Alienation is an awful feeling that leads us to question our own sense of values. A feeling that divides us on emotional levels from people that we have known for some time and can be a very strange experience to us. In some cases there are situations that effect our families and that we may have had the unpleasant experience to contend with. Having family members become estranged from other family members due to the communication dynamic in those families is also known as parental alienation, and is an extremely painful event.

Parental alienation is a social dynamic, generally occurring due to divorce or separation, when a child expresses unjustified hatred or unreasonably strong dislike of one parent, making access by the rejected parent difficult or impossible. The parent that the child aligns with – the aligned parent – may engage in alienating behaviors, by undermining the other parent: these behaviors may be conscious and deliberate or alternatively may reflect a lack of awareness on the effect of their actions on their children. Direct alienating behaviors occur when one parent actively undermines the other parent, such as making derogatory remarks about the other parent or telling the child that the other parent is responsible for the separation or the cause of financial difficulties. Indirect alienation behaviors occur when one parent fails to support access or contact with the other parent, or tacitly accepts the child’s negative behavior and comments towards the other parent.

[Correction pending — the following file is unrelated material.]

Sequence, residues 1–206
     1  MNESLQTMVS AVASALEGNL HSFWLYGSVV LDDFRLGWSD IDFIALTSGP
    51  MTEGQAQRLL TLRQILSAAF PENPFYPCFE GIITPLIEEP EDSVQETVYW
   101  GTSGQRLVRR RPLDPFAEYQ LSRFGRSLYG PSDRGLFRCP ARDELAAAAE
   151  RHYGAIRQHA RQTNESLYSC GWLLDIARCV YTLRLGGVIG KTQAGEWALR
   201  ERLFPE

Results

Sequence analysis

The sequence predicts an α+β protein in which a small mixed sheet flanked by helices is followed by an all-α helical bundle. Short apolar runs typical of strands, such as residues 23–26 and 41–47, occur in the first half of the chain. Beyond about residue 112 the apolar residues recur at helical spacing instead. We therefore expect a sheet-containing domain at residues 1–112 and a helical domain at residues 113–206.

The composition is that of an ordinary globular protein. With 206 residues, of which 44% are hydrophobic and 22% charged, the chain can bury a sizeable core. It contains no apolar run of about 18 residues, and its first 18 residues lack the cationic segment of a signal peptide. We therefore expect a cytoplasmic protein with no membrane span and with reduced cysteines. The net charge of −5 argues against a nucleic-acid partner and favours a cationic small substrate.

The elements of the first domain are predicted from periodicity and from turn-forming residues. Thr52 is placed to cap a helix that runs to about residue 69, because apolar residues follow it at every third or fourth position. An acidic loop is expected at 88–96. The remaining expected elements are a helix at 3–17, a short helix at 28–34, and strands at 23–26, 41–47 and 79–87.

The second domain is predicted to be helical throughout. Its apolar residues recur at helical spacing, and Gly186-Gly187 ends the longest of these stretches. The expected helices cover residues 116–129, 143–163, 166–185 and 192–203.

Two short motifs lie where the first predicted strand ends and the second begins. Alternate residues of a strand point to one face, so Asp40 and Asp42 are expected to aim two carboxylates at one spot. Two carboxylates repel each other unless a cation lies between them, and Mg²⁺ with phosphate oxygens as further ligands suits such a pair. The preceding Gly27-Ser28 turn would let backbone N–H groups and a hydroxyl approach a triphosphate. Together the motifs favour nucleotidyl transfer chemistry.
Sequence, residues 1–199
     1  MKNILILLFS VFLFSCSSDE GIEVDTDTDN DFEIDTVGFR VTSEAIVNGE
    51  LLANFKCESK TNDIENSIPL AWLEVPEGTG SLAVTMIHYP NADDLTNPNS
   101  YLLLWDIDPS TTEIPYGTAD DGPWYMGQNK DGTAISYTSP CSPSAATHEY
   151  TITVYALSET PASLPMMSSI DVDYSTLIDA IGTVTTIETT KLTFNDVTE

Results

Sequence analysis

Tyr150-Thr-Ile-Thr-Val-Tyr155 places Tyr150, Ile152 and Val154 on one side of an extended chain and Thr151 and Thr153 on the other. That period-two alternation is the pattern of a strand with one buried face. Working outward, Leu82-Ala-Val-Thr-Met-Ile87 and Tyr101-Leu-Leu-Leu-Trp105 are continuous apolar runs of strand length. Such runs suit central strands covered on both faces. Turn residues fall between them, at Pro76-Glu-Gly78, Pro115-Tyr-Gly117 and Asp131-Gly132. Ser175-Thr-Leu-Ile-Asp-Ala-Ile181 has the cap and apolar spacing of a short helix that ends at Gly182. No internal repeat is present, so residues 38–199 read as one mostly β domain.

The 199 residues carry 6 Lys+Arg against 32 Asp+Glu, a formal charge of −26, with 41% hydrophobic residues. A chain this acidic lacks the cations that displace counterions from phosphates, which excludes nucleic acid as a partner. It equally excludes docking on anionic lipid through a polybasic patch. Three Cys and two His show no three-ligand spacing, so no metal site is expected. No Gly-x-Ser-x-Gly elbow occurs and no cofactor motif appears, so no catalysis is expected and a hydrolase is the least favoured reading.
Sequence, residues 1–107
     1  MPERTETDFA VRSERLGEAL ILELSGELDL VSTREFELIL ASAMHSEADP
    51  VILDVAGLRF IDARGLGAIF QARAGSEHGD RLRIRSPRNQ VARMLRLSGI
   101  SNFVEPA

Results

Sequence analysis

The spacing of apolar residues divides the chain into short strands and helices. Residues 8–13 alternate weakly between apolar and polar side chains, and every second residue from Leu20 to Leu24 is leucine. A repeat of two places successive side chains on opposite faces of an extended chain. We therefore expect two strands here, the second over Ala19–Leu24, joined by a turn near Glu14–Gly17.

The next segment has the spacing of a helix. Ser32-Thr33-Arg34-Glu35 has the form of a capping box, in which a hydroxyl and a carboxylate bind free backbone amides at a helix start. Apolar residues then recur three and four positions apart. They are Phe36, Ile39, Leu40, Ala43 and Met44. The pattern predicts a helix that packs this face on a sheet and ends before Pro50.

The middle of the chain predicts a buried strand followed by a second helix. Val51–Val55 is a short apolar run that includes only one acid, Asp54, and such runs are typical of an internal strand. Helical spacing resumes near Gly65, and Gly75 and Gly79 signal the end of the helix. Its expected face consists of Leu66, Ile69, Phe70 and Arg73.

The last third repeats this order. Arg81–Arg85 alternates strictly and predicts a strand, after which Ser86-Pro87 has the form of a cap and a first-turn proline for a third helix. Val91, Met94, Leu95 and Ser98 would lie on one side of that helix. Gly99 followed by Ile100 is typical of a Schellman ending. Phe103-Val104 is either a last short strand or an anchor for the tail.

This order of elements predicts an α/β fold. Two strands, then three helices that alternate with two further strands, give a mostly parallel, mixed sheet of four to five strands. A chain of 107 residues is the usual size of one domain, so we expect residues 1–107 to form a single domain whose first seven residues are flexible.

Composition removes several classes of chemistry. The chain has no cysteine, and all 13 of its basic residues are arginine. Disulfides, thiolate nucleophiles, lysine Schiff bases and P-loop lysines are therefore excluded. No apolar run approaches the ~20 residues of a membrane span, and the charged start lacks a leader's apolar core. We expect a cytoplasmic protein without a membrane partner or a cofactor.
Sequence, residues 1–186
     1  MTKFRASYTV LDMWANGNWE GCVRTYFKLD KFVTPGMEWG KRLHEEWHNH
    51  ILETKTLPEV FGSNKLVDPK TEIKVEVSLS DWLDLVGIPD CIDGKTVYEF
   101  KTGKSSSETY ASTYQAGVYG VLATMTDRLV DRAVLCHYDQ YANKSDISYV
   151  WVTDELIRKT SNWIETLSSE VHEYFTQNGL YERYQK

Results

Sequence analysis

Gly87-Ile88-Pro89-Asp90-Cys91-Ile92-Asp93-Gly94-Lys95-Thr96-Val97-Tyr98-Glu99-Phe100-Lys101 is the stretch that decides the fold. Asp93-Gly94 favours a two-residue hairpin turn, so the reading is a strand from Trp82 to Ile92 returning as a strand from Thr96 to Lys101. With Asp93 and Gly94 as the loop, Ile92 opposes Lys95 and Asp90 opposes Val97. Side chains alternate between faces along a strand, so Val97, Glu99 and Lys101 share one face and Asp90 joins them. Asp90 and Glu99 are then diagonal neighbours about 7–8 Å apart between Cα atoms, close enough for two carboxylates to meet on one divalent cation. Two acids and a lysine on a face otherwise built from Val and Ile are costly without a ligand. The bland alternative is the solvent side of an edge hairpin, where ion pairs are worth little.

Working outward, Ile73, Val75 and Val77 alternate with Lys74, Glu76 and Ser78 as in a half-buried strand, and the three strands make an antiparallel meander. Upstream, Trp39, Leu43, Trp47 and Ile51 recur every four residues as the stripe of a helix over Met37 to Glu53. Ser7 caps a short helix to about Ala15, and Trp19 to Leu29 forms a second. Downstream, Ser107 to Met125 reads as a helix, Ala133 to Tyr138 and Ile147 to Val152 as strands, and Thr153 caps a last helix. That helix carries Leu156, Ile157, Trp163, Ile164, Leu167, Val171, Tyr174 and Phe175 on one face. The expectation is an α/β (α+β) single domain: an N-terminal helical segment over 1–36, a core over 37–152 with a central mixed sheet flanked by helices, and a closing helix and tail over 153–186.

Whichever the case may be, some underlying concepts thread their way through some of these cases including: levels of awareness, anger and hatred, distrust or mistrust, lack of moral concern, ego-centrism, feelings of disconnection, ad infinitum.

Many of us have experienced these feelings and our dissociation from particular groups that we tend not to have any affinity with. I remember at times when I was younger, not quite certain about my beliefs, when I would still feel unsure about some of the gatherings I was privy to. The internal voice that spoke for me would still alert my conscious thoughts and feelings if any discontinuity of behavior would engage the assembly. As the years have passed, some people may tend to identify with their agitations and thereby hold onto stained memories of the confrontations. This may develop over a time and eventually lead them to have little candor over their reflections of past events. In many cases the sour grapes that take up their minds attention become the dominant profiles of their attitudes. Cases such as these tend to develop into the misanthropes of the world.